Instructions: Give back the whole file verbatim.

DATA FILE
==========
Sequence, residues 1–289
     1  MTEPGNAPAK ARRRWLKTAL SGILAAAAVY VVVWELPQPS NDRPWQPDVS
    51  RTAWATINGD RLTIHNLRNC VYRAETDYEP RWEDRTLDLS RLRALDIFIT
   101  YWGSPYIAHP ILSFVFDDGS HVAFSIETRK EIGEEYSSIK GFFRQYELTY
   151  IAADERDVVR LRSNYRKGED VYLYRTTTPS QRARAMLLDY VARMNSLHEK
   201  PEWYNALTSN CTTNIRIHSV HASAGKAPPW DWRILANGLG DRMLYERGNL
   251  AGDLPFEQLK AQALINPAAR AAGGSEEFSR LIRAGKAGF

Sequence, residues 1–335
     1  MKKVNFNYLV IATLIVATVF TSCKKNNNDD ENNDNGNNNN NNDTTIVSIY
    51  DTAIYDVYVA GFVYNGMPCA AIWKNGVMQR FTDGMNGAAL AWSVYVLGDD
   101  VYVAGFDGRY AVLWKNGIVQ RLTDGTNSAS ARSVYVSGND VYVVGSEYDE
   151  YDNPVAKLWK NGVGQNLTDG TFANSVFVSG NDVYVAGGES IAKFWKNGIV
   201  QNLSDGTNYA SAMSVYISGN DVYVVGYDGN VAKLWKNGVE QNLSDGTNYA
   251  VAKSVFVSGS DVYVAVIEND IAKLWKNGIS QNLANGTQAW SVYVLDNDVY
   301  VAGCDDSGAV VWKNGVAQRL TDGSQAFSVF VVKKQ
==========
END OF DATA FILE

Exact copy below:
Sequence, residues 1–289
     1  MTEPGNAPAK ARRRWLKTAL SGILAAAAVY VVVWELPQPS NDRPWQPDVS
    51  RTAWATINGD RLTIHNLRNC VYRAETDYEP RWEDRTLDLS RLRALDIFIT
   101  YWGSPYIAHP ILSFVFDDGS HVAFSIETRK EIGEEYSSIK GFFRQYELTY
   151  IAADERDVVR LRSNYRKGED VYLYRTTTPS QRARAMLLDY VARMNSLHEK
   201  PEWYNALTSN CTTNIRIHSV HASAGKAPPW DWRILANGLG DRMLYERGNL
   251  AGDLPFEQLK AQALINPAAR AAGGSEEFSR LIRAGKAGF

Sequence, residues 1–335
     1  MKKVNFNYLV IATLIVATVF TSCKKNNNDD ENNDNGNNNN NNDTTIVSIY
    51  DTAIYDVYVA GFVYNGMPCA AIWKNGVMQR FTDGMNGAAL AWSVYVLGDD
   101  VYVAGFDGRY AVLWKNGIVQ RLTDGTNSAS ARSVYVSGND VYVVGSEYDE
   151  YDNPVAKLWK NGVGQNLTDG TFANSVFVSG NDVYVAGGES IAKFWKNGIV
   201  QNLSDGTNYA SAMSVYISGN DVYVVGYDGN VAKLWKNGVE QNLSDGTNYA
   251  VAKSVFVSGS DVYVAVIEND IAKLWKNGIS QNLANGTQAW SVYVLDNDVY
   301  VAGCDDSGAV VWKNGVAQRL TDGSQAFSVF VVKKQ